Dealing with Erectile Dysfunction and Other Common Sexual Disorders
Sexual disorders, also known as sexual dysfunction, are defined by the medical community as obstacles to normal sexual function. They include a wide range of conditions and experiences, including everything from lack of sexual desire or fixation on unusual stimuli to difficulty becoming aroused or achieving orgasm. Sexual addiction is another common type of dysfunction, as is erectile dysfunction (ED). Apart from disorders specific to one sex, such as ED, the aforementioned disorders affect both men and women. Physiologically based sexual disorders are usually associated with advancing age, though they can also strike at any age.
Clinicians normally divide sexual disorders into the following categories:
- Arousal-based disorders
- Desire-based disorders
- Erectile dysfunction
- Ejaculation and orgasm disorders
- Pain-based disorders
Disorders involving sexual arousal typically manifest as an aversion to sexual activity, or difficulty maintaining interest in sexual contact. In women, physical symptoms normally include a lack of vaginal lubrication, while men may have difficulty achieving or maintaining an erection. Though arousal-based sexual disorders are sometimes physiological in nature, they usually have a strong psychological component, or are entirely psychosomatic. One or both partners in an unhealthy or failing relationship may also experience difficulty with sexual arousal.
A wide range of sexual disorders fall into this category, including:
- An abnormally strong or abnormally weak sex drive
- Fixation on unusual objects of desire (known as "paraphilia"), or the required presence of external, traditionally nonsexual stimuli in order to achieve a sexual response
- Loss of libido
In some cases, these responses can be attributed to psychological or physiological sources, such as a traumatic emotional experience or the side effects of certain medications. However, many desire-based sexual disorders are rooted in more complex emotional and developmental causes, and as such, they can be difficult to treat even with proper diagnosis and a willingness on the part of the patient to normalize their desire patterns.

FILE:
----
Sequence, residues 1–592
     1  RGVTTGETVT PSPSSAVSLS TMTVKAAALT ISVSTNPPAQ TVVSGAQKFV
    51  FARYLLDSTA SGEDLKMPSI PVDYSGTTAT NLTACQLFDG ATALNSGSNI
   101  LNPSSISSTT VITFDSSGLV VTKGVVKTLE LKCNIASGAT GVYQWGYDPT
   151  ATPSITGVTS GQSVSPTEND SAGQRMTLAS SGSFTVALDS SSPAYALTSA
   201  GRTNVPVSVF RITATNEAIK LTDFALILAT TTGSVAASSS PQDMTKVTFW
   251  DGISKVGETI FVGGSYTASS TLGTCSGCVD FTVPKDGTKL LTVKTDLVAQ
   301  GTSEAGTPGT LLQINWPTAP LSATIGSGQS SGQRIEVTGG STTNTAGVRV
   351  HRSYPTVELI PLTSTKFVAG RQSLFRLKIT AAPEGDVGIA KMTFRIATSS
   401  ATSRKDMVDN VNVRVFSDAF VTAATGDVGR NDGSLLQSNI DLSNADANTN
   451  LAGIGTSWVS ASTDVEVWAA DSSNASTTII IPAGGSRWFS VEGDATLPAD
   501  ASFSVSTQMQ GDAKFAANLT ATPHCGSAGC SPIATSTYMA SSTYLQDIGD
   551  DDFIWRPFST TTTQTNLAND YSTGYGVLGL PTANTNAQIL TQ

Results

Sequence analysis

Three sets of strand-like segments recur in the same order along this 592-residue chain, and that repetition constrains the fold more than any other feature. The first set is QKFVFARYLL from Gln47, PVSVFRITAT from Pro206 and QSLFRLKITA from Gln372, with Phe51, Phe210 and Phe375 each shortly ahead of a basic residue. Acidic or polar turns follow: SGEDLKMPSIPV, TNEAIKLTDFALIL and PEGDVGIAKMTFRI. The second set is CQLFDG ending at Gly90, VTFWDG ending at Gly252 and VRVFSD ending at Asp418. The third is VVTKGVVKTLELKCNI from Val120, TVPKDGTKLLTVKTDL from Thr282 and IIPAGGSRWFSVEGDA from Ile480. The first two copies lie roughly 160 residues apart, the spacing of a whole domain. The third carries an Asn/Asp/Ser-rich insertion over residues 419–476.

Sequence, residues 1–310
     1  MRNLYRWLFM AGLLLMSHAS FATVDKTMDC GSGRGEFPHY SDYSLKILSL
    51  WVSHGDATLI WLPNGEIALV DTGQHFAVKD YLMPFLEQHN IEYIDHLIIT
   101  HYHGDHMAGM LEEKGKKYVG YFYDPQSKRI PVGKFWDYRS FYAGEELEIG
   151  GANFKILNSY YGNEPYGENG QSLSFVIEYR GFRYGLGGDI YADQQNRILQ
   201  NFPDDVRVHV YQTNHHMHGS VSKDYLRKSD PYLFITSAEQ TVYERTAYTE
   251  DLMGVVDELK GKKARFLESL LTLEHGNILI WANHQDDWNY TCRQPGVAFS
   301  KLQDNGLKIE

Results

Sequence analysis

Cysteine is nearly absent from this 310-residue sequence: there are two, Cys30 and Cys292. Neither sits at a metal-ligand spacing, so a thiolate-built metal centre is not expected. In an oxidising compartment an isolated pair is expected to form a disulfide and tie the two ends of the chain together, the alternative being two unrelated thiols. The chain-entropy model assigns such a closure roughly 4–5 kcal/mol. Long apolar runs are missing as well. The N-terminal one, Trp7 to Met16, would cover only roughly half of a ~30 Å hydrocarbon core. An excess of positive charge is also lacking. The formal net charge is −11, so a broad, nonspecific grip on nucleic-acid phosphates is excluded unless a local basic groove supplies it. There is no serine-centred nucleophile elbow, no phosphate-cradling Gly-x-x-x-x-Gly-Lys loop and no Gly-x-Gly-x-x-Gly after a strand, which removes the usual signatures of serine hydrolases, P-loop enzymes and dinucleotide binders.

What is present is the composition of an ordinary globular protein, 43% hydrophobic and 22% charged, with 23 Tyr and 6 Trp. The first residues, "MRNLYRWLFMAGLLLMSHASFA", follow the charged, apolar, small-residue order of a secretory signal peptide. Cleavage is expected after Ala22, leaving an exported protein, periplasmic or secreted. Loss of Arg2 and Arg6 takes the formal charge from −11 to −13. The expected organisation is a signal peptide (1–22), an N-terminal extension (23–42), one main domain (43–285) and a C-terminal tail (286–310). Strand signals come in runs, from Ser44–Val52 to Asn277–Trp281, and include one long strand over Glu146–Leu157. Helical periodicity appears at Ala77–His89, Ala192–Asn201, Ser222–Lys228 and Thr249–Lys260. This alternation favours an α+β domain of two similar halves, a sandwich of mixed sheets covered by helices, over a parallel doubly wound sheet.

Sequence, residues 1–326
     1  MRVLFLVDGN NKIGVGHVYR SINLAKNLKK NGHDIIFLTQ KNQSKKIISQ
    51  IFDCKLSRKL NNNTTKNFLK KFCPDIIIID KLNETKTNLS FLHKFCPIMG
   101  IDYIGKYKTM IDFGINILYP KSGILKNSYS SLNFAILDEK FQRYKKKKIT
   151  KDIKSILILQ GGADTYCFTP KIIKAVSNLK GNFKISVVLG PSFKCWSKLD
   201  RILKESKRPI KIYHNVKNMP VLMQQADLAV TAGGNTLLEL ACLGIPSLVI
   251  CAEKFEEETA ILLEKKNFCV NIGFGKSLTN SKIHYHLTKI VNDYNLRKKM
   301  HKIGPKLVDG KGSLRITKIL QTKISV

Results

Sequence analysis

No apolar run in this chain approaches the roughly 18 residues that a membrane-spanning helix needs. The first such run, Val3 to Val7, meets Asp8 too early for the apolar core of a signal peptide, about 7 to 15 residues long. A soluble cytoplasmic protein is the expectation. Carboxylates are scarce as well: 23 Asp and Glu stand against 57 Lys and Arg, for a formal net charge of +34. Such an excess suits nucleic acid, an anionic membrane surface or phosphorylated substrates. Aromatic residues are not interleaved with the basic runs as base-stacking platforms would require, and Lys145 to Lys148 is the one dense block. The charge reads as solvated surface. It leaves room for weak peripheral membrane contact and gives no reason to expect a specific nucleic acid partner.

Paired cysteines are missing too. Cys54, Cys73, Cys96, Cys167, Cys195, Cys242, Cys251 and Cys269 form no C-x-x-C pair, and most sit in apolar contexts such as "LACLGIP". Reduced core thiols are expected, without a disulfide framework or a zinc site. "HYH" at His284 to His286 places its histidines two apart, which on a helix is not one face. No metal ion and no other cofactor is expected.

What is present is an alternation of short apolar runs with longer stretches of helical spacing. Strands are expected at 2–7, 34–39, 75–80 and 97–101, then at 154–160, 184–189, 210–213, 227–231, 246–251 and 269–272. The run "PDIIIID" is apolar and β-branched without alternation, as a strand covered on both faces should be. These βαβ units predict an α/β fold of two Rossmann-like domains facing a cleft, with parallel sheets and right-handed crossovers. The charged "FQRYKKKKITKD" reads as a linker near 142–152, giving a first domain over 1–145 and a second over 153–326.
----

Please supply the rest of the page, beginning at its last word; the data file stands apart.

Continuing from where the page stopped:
ED is marked by the partial or complete inability to get or maintain an erection. It is the most commonly diagnosed sexual dysfunction, and it affects approximately 40 percent of men over the age of 40. Statistics show that up to 95 percent of cases respond favorably to treatment, and a number of medications are now available to help men achieve and maintain erections more easily.
Ejaculation and Orgasm Disorders
In this category, two particular disorders are relatively common:
- Premature ejaculation. This condition affects men, and it can strike in one of two ways. First, ejaculation can occur in a man without orgasm, thus ending sexual contact prematurely. Second, ejaculation with orgasm can occur after only a very brief period of sexual activity. Both types of premature ejaculation are thought to stem from a combination of psychological causes, biological causes, and penile hypersensitivity.
- Anorgasmia. This condition is experienced by both men and women, and is defined as difficulty or inability to achieve orgasm after an extended period of physical stimulation. This is a common side effect of many psychiatric medications, particularly selective serotonin reuptake inhibitors (SSRIs), though it can also have psychological or physiological causes.
Both men and women, but primarily women, can experience pain as the result of sexual arousal, sexual activity, or orgasm. In women, one of the most common causes of sexual pain is known as vaginismus, which is involuntary and uncontrollable tension in vaginal muscles just before or during initial penetration or sexual activity. While the exact causes of vaginismus are unknown, researchers have uncovered evidence that victims of sexual assault or sexual abuse are more likely to experience it.
Another relatively common pain-based sexual disorder that affects women is known as dyspareunia, or "painful sexual intercourse." A lack of vaginal lubrication is the main cause of dyspareunia, though hormonal or other physiological changes, such as those experienced during menopause, are also believed to play a role.
Though these are sensitive issues, they can be discussed with your doctor in strict confidence. Effective treatments are available, which can help both you and your partner enjoy a happier, healthier, and more fulfilling sexual relationship.